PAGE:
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L: I have never seen any authority from the IRS/ dol that allows a plan to suspend payments to terminated employees while the plan is in the process of being terminated (which in some cases can extend over several years). A refusal to pay benefits on account of any event permitted in the plan is a reason for disqualification for failure to administer the plan in accordance with its terms. Under your logic a plan could refuse to pay MRD during termination because of the risk of overpayment. I dont think a plan fid can refuse to pay distributions to any participant who is entitled to receive payment on account of an event specificed in the plan, e.g., termination, retirement, etc because ERISA requires that the fiduciary administer the plan in accordance with its terms. There is no more possibility of making mistakes while the termination is being processed than at any other time.

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To add to LOCUST's list, the IRS has been known to disagree with a plan's past ADP/ACP testing and required fixes which disrupted anticipated participant distributions.

While the fix(es) are less of of problem for NHCEs, if RTK had ever been a HCE, RTK's payment amount(s) & distribution codes could be difficult to define.

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The issue seems to be not that " the IRS has been known to disagree with a plan's past ADP/ACP testing and required fixes which disrupted anticipated participant distributions" but more whether the distributions can be suspended or delayed especially for an unspecified time. Disrupted versus suspended.

Note that the old plan has NOT been terminated. It is not clear whether it even will be. That being the case I do not see how delays based on plan termination could be used as an excuse.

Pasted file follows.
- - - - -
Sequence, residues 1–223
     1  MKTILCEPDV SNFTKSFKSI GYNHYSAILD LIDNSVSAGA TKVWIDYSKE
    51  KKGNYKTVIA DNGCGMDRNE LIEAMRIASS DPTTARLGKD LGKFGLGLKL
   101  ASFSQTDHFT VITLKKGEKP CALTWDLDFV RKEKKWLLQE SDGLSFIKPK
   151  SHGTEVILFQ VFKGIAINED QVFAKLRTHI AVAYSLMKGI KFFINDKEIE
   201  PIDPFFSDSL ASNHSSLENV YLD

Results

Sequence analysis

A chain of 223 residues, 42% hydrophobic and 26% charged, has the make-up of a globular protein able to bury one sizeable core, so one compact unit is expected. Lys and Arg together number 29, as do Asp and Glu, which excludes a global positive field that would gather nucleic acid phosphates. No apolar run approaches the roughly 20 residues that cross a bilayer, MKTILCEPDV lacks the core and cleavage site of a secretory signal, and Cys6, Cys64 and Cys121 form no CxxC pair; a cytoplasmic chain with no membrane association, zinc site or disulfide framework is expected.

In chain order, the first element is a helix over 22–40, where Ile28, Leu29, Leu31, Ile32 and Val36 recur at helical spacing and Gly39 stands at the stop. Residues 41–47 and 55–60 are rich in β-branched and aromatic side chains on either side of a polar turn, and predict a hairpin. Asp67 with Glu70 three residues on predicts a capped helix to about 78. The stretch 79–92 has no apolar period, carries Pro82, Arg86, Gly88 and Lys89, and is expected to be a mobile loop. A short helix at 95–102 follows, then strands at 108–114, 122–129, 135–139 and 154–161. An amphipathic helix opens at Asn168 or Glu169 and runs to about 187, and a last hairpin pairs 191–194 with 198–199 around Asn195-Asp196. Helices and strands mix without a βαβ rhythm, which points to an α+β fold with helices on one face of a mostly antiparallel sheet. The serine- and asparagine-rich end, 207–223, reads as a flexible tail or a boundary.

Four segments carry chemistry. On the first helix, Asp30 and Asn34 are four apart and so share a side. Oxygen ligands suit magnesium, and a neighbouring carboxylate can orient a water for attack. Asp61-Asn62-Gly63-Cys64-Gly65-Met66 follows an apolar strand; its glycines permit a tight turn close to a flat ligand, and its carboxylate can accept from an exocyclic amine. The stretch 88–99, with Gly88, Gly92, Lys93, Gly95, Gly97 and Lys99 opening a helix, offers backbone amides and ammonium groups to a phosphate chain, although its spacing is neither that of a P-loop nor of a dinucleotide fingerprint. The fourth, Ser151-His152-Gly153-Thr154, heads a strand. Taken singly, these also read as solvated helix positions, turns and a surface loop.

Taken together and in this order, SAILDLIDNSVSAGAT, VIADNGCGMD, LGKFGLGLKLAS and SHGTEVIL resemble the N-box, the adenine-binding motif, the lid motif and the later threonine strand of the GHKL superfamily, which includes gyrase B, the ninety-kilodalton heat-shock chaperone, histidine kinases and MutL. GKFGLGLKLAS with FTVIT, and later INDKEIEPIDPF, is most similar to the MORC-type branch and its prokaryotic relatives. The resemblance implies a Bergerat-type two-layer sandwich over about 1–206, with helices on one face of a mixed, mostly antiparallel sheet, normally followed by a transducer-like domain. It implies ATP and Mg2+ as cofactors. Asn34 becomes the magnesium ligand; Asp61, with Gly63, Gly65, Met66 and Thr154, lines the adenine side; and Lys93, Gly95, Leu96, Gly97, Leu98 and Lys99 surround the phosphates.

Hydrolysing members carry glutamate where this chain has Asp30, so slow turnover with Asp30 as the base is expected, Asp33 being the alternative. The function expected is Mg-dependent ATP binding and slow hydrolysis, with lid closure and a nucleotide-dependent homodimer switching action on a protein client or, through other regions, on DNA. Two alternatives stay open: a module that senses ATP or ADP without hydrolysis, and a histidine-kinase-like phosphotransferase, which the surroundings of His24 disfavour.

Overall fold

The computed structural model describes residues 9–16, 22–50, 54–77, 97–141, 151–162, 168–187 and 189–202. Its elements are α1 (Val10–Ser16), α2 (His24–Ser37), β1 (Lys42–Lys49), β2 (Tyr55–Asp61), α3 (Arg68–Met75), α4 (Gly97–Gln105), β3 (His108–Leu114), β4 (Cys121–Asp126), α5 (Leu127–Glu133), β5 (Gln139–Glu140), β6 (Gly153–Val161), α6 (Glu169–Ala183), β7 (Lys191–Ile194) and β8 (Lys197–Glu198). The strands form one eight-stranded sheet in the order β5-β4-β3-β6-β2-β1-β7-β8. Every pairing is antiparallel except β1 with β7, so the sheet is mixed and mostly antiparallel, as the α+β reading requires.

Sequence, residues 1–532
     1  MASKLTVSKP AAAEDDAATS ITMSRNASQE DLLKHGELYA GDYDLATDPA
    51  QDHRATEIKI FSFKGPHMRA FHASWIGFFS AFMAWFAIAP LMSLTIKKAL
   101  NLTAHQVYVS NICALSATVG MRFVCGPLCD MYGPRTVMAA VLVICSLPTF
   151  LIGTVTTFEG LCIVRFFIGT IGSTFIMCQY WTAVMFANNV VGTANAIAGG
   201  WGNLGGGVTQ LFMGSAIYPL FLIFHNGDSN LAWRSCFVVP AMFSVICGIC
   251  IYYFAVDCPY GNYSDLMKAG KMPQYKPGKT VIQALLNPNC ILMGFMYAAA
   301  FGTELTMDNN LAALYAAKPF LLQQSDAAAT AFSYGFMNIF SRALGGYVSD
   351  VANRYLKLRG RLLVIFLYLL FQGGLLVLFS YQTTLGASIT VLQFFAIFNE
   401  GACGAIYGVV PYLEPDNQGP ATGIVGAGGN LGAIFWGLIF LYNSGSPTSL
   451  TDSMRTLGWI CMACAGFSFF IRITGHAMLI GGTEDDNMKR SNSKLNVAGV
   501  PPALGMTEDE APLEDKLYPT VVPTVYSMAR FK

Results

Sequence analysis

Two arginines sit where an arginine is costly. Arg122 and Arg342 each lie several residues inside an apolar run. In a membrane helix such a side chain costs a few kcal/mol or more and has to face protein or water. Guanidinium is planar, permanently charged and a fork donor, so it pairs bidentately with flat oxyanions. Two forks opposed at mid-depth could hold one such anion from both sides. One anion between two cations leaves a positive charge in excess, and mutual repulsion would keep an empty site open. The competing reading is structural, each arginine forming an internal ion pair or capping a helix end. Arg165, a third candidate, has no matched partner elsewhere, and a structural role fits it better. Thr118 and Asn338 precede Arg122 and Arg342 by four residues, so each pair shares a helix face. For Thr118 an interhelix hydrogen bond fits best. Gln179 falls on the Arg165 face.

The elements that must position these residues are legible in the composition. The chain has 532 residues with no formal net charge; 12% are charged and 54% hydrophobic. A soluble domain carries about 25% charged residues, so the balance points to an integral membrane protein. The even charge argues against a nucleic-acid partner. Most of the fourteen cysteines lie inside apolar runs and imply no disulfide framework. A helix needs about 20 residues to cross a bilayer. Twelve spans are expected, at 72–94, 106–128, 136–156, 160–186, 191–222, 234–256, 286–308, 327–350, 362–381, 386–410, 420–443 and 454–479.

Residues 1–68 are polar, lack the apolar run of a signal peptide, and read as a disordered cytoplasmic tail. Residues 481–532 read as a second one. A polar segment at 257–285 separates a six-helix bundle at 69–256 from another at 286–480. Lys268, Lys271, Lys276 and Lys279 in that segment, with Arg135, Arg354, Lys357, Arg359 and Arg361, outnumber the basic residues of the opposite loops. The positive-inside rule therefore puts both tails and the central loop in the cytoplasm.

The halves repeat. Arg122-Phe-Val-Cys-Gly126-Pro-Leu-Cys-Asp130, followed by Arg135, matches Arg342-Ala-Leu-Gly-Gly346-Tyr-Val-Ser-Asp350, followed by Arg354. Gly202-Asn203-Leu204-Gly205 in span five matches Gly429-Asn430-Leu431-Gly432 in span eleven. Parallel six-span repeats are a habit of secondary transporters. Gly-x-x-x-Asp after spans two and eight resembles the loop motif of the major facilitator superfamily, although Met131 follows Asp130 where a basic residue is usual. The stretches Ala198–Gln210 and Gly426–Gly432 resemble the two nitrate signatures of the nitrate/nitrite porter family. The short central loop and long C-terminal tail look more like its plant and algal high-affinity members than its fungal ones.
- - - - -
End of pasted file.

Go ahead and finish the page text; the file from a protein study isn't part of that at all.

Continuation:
George D. Burns

Cost Reduction Strategies

Burns and Associates, Inc

www.costreductionstrategies.com(under construction)

www.employeebenefitsstrategies.com(under construction)

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mjb - I don't know that the IRS or the DOL have said anything on the issue one way or the other. I think it is a fiduciary decision. There are many events that occur that require the fiduciary to decide what to do that may not be covered by the 4 corners of the plan documents. For example, suppose that assets are missing or have been overvalued or have had significant reductions in value, or data is lost or ambiguous or wrong, or contributions haven't been made - these are instances where it might be prudent to delay payments until everything is resolved. I think a legitimate argument can be made that it is within a fiduciary's discretion to temporarily suspend payments when a plan is terminated because it protects the interests of all plan participants not just those who have terminated employment.

Gburns - I was addressing RTK's question of suspensions when a plan is terminated.

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L: you have not presented any evidence or authority under ERISA which permits a plan fid to violate the express terms of the plan. If the plan must make MRD to participants while it is in the process of termination then it must also make distributions on account of other plan events such as severance of employment which are permitted under the plan. Withholding payments to terminated participants during a termination (which usually takes more than a year) will expose the plan fiduciary to personal liability for losses if the terminated participants account balances decline before they are distributed because of a delay in payment caused by the action of the plan fid. in refusing ot make distributions. Having to make additional allocations to cure nondiscrimination/excess benefits paid is a lesser cost then having to pay participants for investment losses. Client needs to discuss this issue with counsel. Plan cant protect the rights of some participants by ignoring the rights of other participants under the plan.